Amy Adams has lashed out at the Finance Minister over Treasury secretary Gabriel Makhlouf's absence from a briefing on Budget 2019.
Adams, the National Party's finance spokesperson, said it was "unacceptable" that Makhlouf didn't show up to the Finance and Expenditure Select Committee on Wednesday.
"It's utterly unacceptable that the secretary, who's still on the payroll, is not here filling his role in the Budget that he was in charge of preparing," Adams said.
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Finance Minister Grant Robertson told Adams: "That's entirely a matter for the Treasury and for them to decide who is here.
"I have complete confidence in Mr Little to be able to assist me," he added, pointing to Struan Little, deputy secretary of Budget and Public Services, who sat beside him.
"He is the executive leadership team member who has the oversight of this process, and so I believe we've got the people here who can answer."
Adams responded: "It's not a question of confidence in Mr Little - I regard him very highly as well - but Mr Makhlouf is on the payroll, he prepared this Budget, and he should be sitting beside you."
Makhlouf is currently being investigated over his allegations of hacking in relation to details of Budget 2019 being released by the National Party ahead of its official release date.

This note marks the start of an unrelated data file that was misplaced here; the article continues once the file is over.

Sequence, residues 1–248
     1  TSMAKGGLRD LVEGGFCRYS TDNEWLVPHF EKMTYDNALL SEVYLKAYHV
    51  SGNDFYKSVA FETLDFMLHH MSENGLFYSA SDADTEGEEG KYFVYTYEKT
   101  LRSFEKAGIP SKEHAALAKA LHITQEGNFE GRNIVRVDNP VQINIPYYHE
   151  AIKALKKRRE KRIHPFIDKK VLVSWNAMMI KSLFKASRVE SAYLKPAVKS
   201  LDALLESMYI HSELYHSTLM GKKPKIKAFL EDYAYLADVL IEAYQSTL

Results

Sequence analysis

The outgoing Treasury secretary - who's set to become Ireland's next Central Bank governor - publicly claimed on May 28 there were "multiple and persistent" attempts to access classified Treasury information.
It prompted the Finance Minister to issue a statement on May 28 following the Treasury's lead by describing a "hack" and publicly naming the National Party.
But the day Budget 2019 was released, National leader Simon Bridges revealed a search tool on the Treasury website had been used to uncover the classified material - no hacking.
A few hours prior, Treasury admitted it hadn't been hacked, prompting accusations the Government misled New Zealanders by allowing them to think Treasury had been hacked, despite the GCSB advising otherwise.
Murray Jack is now leading a State Services Commission investigation into whether Treasury misled the Finance Minister before he issued his public statement echoing the Treasury's stance that it had been hacked.
When asked at select committee why Budget information was freely available through the search function on the Treasury website, Robertson said the investigation would provide those details when it's concluded.
"That's the subject of an inquiry by the State Services Commission, in addition to the investigation that's underway into the advice that I was given about that matter, and so I will await that inquiry with interest."
Adams said Treasury spent $11 million last year renovating their offices, and asked how much money had been spent on upgrading cyber-security to ensure information management slip-ups don't occur.
Robertson said he didn't have the details of spending, but insisted there had been a "certain amount of stress testing, penetration testing on the website".
Adams replied: "Clearly not enough."
Little said Treasury spends about $5 million a year on "normal investments", and part of that is looking at its IT systems and security.
He said while regular system testing occurs, "there's clearly vulnerability in our system, and we're looking forward to working with Mr Murray Jack in terms of how we resolve those and the lessons learnt".